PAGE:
IV. Empirical Approach and Results Prior studies that have estimated the impact of YRS have, for the most part, relied on simple cross-sectional analysis to estimate the impact of YRS on student achievement (Cooper et al. 2003).15 For instance, the impact of YRSs might be estimated using the following equation:

Yis = YRSs + X i + S s + is

(3)

where, Yis is the test score of individual i in school s , YRSs is an indicator variable that set equal to one if school s operates on a year-round schedule, X i is a vector of individual and family background characteristics of individual i, Ss is a vector of school level characteristics of school s, and is is an error term. The effect of YRS is then recovered by . This parameter reflects the

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In fact, in several of the early studies examined by Cooper et al. 2003, the empirical analysis consists of a simple difference in means of achievement in traditional calendar and year-round schools.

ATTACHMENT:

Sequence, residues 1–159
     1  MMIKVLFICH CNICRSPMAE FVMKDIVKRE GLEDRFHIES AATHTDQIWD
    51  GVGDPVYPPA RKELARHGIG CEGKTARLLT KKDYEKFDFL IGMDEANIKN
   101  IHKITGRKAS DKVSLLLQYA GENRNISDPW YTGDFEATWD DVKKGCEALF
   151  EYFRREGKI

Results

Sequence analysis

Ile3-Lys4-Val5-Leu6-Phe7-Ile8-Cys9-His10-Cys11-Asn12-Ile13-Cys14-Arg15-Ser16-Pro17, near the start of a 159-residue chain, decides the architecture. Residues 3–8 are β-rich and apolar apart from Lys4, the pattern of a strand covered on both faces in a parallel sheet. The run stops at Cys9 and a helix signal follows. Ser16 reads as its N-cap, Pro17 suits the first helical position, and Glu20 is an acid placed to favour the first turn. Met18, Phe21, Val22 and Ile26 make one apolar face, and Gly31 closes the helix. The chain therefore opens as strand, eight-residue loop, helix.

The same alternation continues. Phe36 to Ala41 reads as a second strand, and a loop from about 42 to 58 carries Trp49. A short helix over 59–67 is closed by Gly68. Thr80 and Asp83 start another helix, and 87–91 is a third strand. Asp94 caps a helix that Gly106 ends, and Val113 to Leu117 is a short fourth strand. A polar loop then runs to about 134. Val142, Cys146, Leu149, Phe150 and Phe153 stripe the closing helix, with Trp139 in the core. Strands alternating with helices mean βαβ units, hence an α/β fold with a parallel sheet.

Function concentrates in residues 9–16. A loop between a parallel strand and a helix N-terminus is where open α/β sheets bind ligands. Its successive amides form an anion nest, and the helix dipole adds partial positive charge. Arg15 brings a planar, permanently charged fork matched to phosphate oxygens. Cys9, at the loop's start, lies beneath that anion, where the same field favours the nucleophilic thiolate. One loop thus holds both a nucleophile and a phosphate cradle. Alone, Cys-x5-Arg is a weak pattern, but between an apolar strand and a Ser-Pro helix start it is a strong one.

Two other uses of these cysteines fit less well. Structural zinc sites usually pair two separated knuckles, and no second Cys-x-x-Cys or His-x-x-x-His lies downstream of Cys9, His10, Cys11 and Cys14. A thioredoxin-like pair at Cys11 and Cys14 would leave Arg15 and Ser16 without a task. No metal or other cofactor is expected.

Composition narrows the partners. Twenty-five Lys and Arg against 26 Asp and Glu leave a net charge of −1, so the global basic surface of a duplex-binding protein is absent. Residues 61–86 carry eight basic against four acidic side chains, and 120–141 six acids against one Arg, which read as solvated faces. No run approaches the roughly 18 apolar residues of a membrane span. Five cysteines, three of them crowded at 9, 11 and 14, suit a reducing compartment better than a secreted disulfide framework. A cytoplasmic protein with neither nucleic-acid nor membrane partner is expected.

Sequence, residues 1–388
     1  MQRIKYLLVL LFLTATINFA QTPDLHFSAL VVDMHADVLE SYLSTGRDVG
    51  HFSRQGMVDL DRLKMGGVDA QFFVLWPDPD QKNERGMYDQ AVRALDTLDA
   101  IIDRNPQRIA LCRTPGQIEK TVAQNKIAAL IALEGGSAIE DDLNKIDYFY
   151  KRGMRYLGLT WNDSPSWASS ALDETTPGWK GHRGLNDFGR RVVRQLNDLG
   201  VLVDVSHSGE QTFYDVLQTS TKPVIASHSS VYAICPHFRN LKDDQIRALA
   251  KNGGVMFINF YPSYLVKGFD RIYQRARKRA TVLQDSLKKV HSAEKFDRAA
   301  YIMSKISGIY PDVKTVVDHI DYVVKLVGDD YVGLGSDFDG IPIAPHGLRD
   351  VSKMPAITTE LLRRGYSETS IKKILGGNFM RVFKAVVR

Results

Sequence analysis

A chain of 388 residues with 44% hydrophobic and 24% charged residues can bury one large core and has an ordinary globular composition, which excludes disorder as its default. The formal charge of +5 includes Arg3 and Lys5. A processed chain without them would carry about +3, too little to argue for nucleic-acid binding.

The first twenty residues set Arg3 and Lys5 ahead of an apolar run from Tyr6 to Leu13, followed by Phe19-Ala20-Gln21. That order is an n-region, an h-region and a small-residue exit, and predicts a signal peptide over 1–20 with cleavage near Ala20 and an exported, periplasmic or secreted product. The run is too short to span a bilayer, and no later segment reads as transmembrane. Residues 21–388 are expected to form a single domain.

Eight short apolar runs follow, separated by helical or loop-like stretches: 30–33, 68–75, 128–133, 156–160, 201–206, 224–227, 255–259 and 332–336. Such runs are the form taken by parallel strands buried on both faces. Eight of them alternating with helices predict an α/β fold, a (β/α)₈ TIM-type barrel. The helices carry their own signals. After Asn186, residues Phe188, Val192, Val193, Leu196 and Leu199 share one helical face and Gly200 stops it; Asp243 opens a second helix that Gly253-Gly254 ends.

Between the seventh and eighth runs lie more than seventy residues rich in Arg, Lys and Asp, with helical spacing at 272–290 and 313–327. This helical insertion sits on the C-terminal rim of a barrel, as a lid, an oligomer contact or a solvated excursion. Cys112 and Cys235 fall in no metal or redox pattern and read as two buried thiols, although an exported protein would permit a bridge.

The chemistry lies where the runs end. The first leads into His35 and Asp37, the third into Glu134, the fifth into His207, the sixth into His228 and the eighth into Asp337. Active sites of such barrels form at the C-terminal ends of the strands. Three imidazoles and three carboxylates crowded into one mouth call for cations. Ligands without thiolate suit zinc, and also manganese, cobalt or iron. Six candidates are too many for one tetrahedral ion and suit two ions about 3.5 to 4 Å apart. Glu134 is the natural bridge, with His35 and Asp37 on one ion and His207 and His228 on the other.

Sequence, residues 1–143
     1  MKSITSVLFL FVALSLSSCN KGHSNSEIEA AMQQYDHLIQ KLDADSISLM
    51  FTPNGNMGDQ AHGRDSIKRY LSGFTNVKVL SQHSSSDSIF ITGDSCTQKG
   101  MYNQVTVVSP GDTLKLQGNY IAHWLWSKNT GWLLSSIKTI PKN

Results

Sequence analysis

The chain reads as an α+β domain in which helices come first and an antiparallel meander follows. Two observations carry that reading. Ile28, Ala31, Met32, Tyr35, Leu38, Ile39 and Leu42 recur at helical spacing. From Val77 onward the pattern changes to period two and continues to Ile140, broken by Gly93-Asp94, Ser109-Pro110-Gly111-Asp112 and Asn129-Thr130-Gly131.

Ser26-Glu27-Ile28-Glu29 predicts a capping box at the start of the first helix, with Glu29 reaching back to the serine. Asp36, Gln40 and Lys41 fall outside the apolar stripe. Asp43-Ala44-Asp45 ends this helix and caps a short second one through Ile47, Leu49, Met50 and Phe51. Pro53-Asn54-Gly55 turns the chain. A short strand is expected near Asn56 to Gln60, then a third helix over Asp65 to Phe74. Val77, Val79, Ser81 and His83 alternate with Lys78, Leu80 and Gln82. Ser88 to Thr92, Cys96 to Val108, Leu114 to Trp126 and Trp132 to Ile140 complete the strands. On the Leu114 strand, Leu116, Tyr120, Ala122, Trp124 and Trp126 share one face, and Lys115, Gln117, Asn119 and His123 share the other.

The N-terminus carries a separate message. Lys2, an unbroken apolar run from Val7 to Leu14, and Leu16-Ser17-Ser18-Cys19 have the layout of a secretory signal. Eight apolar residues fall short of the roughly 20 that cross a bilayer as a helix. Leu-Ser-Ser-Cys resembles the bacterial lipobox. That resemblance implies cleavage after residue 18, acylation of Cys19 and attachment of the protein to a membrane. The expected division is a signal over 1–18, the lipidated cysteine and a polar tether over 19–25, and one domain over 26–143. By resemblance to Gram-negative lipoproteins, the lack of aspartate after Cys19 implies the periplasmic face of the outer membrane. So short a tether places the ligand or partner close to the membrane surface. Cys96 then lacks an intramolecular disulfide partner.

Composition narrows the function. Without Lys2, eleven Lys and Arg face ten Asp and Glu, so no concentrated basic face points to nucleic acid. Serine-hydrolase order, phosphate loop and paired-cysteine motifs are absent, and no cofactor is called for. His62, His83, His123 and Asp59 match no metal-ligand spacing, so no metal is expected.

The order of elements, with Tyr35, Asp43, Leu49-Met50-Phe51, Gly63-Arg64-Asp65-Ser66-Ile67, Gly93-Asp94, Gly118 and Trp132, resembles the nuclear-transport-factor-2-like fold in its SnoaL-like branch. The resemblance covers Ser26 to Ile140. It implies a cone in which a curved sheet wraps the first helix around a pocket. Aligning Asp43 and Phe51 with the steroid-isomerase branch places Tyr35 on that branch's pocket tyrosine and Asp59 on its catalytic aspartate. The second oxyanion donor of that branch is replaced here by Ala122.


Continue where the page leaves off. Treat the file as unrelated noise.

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mean difference in test scores between students who attend YRSs and those who attend traditional calendar schools, controlling for the included covariates. The advantage of this estimation strategy is that identification of the YRS effect in these models requires only betweenschool variation in the year-round variable. Consequently, the data limitations are minimal. The implicit assumption underlying such models, however, is that students who attend YRSs are comparable to students who attend traditional calendar schools, or that the control variables included in the model sufficiently capture all of these differences. As highlighted in Section II, this assumption is problematic for two reasons. First, students who enroll in YRSs might be systematically different from their peers in ways that are not observed in the data (i.e. groups may have different values of ability, ). Second, the implementation of a year-round calendar is likely non-random, and thus YRSs might differ from traditional schools in unobserved ways. Estimates that fail to account for these differences will likely be biased. These limitations, which are inherent in previous studies on YRS, can be addressed with a dataset that has repeated observations on students over time, provided there is both withinstudent and within-school variation in calendar type. If these conditions are met, school and student fixed effects can be used to capture permanent differences in students and schools, of which many are likely correlated with both achievement and year-round schooling. Consider, for instance, the following model: